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The question is pretty much the title. I'm wondering if anything is known about the smallest size $\kappa$ of a non-measurable subset of the real numbers (regarding the Lebesgue measure). Since we have $\kappa\geq\aleph_0$ and $\kappa\leq\mathfrak{c}$ with $\kappa=\mathfrak{c}$ at least being consistent (under CH or MA), it might be an interesting cardinal invariant to look at.

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    $\begingroup$ If I look at the Wikipedia articles Cardinal characteristic of the continuum (current revision) and Cichon's diagram (current revision), it seems that this is the cardinal denoted $\operatorname{non}(\mathcal N)$ and $\operatorname{non}(\mathcal L)$. $\endgroup$ – Martin Sleziak Jan 10 '20 at 21:36
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    $\begingroup$ Knowing this notation might help when searching for results about this cardinal. (And perhaps also some of the references given in those Wikipedia articles might contains some pointers.) $\endgroup$ – Martin Sleziak Jan 10 '20 at 21:37
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    $\begingroup$ I wasnt aware of the connection to $\text{non}(\mathcal{N})$. So does this just follow, because we can carry out the Vitali construction on any set of positive and finite measure and therefore obtain, for every non-nullset $M$, a non-measurable set $N\subseteq M$? $\endgroup$ – Hannes Jakob Jan 10 '20 at 21:55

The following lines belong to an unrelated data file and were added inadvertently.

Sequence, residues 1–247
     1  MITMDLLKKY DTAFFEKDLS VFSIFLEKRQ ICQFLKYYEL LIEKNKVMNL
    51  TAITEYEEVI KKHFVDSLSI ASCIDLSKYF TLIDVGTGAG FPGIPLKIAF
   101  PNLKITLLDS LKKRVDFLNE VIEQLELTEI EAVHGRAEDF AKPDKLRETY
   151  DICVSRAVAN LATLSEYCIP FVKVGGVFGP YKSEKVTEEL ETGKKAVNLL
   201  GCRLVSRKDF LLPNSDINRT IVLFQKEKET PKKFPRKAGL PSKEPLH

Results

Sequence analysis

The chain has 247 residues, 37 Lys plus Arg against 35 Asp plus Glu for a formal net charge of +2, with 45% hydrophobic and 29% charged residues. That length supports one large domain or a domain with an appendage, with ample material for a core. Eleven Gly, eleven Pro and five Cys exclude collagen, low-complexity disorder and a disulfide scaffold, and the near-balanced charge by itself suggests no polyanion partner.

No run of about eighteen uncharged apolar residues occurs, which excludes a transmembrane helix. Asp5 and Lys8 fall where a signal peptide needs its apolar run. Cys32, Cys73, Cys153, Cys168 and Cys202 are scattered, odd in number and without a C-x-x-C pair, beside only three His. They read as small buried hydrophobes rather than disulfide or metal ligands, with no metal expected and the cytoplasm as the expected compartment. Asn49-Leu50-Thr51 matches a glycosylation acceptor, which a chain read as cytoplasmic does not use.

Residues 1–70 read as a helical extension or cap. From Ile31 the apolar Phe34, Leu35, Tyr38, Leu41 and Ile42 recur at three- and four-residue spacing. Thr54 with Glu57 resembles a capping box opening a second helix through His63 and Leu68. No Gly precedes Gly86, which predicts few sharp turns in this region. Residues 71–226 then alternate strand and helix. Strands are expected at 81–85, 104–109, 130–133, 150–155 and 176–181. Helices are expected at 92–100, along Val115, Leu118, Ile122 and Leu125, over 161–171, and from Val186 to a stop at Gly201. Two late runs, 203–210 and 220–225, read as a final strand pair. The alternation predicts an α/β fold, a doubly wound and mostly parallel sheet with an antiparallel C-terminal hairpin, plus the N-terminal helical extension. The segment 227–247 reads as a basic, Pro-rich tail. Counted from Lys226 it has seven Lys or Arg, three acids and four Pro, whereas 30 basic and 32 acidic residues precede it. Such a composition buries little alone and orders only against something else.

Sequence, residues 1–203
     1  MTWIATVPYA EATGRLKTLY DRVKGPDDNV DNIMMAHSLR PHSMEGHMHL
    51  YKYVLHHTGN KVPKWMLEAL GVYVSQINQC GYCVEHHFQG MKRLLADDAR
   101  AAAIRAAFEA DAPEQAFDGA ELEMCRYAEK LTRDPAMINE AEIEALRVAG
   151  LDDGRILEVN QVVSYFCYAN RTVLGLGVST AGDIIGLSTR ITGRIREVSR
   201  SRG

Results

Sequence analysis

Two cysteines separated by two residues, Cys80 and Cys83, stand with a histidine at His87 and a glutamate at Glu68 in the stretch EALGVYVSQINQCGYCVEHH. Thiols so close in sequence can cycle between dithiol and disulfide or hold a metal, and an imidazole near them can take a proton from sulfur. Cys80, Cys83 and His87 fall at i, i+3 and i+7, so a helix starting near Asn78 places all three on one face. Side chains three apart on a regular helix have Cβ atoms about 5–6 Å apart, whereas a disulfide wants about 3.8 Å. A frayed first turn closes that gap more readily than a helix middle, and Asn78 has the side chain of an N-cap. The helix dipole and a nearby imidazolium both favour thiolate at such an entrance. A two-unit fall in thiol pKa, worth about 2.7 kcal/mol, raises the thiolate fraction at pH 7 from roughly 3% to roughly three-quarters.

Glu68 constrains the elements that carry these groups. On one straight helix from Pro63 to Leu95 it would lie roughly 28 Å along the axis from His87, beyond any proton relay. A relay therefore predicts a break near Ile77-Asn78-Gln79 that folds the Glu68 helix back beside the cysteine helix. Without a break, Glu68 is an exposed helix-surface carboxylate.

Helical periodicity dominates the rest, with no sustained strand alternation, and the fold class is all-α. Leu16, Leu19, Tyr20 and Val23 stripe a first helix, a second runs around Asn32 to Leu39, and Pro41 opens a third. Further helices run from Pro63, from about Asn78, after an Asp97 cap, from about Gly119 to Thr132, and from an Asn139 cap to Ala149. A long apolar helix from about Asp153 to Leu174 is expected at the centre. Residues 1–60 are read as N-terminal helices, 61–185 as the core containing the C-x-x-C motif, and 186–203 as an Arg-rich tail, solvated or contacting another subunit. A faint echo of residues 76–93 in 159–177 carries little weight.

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    $\begingroup$ Well, a measurable set of positive measure necessarily has cardinality $\mathfrak{c}$. So if it has cardinality less than $\mathfrak{c}$ and isn't null, it must already be non-measurable. $\endgroup$ – Nate Eldredge Jan 11 '20 at 2:20
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    $\begingroup$ @YCor Yes to both. $\endgroup$ – Andrés E. Caicedo Jan 27 '20 at 1:26
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I am just going to compile the comments into an answer so i can close this question.

Claim: The smallest size of a non-measurable set is $\text{non}(\mathcal{L})$:

$\geq$: If $A$ is non-measurable, then $A$ is not null.

$\leq$: If $A$ is not null and not of size continuum, then $A$ has to be non-measurable, because the difference set of any set of positive measure has to contain an interval around $0$ (https://en.wikipedia.org/wiki/Steinhaus_theorem) and therefore be of cardinality $\mathfrak{c}$. Because furthermore, the cardinality of the difference set is less than or equal to the cardinality of $A\times A$ which is equinumerous with $A$, $A$ is of cardinality $\mathfrak{c}$.

Therefore either $\text{non}(\mathcal{L})=\mathfrak{c}$ and $\leq$ is trivial or there is a non-null set of cardinality $<\mathfrak{c}$ which, by the argument above, also is a non-measurable set.

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